Looking at KitchenAid, a company started in 1919 that has just moved into the top ten, it shows the way to winning customers’ mind and heart: reinventing and renewing is the key to stick out of the ordinary and to emerge from the obsolescence.

Top brands have the commitment to stand ahead customers’ needs and to surprise them, continually reshaping experiences and expectations, in order to offer ever-greater involvement. It’s not just a prerogative of the newcomers.

Older brands, such as Dyson, Chevrolet or Ford, have recently broken into the top 50, confirming that there still is a room for historical brands, if they can keep the pace, transforming themselves while remaining true to their roots and consistent with the brand heritage.

Furthermore, the youngest customer base has a preference for these companies too. While these customers have always been known for being social media obsessed, this stereotype is no longer true - it has never been, probably. In fact, besides all the posting, tweeting and snapping, social media brands aren’t the most relevant to their lives.

On the top of their list there is Netflix, confirmed as the best entertaining media. Due to its ability to offer suggestions tailored to individual preferences, and to increase the content base with new, peculiar projects, it keeps reaching the highest “make me happy” score. Definitely one of the best recently born brands. 


It’s evident that among millennials, all the social media platforms are losing ground; especially Facebook, the biggest mover of the year (-102 positions). However, this drop is seen in every age and gender demographic as well, confirming that this decline is not ascribed to the youngest base.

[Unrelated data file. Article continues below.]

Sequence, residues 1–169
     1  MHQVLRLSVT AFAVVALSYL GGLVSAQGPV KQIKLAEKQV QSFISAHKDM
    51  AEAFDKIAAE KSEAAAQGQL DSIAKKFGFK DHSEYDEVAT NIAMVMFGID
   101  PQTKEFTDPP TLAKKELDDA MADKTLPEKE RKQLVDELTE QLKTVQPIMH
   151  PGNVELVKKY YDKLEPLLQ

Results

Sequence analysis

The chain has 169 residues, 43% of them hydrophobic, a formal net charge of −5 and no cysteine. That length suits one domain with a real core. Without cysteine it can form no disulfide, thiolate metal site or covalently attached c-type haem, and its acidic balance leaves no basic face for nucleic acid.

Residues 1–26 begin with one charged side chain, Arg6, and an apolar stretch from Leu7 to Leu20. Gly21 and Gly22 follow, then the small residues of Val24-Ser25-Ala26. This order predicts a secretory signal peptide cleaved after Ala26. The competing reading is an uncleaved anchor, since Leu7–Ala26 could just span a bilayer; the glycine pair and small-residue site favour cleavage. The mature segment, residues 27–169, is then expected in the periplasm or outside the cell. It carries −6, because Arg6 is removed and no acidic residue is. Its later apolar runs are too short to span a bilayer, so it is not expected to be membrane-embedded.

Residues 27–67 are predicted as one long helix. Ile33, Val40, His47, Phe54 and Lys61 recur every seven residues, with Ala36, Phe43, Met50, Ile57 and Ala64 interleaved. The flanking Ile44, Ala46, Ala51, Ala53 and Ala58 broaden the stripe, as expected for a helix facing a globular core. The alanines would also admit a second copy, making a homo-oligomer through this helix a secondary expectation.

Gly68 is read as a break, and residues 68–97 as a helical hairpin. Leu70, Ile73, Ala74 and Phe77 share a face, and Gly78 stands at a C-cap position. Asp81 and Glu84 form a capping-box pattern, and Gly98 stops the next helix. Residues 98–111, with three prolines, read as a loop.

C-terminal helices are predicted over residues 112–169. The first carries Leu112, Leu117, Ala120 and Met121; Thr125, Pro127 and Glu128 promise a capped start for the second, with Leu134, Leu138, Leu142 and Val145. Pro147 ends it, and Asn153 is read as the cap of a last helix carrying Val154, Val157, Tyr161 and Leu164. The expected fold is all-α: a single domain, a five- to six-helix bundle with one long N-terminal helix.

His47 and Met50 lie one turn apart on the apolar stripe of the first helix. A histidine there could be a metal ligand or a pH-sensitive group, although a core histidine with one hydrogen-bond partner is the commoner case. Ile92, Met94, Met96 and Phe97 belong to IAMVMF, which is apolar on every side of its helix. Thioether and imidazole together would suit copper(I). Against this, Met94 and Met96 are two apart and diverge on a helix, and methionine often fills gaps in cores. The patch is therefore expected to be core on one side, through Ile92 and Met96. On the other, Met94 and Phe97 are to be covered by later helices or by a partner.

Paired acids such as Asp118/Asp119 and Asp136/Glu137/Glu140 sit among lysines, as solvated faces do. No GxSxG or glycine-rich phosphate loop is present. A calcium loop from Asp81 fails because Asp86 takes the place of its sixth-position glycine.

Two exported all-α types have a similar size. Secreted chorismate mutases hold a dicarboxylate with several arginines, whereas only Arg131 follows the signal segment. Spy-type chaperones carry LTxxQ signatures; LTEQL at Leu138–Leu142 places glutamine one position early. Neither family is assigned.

The decreased usage of Facebook is imputable to the lack of trust and interest. The “fake news” attribution, and the numerous big data breaches have brought down the brand reputation, making people doubt about its value.

Partly, this drop may represent a natural shifting to other parts of the social ecosystem, as people are always looking for the best place to express themselves. Instagram is still running the photo-framed social interactions, WhatsApp is the most used messaging system, and YouTube is the natural place for video sharing.

Nevertheless, all these social media platforms don’t seem to be considered as “relevant” to people: no one of them is ranking on the top 50, except for Pinterest.


Among social media, only Pinterest is winning customers attention, ranking third in the overall list, and first among “makes me feel inspired”.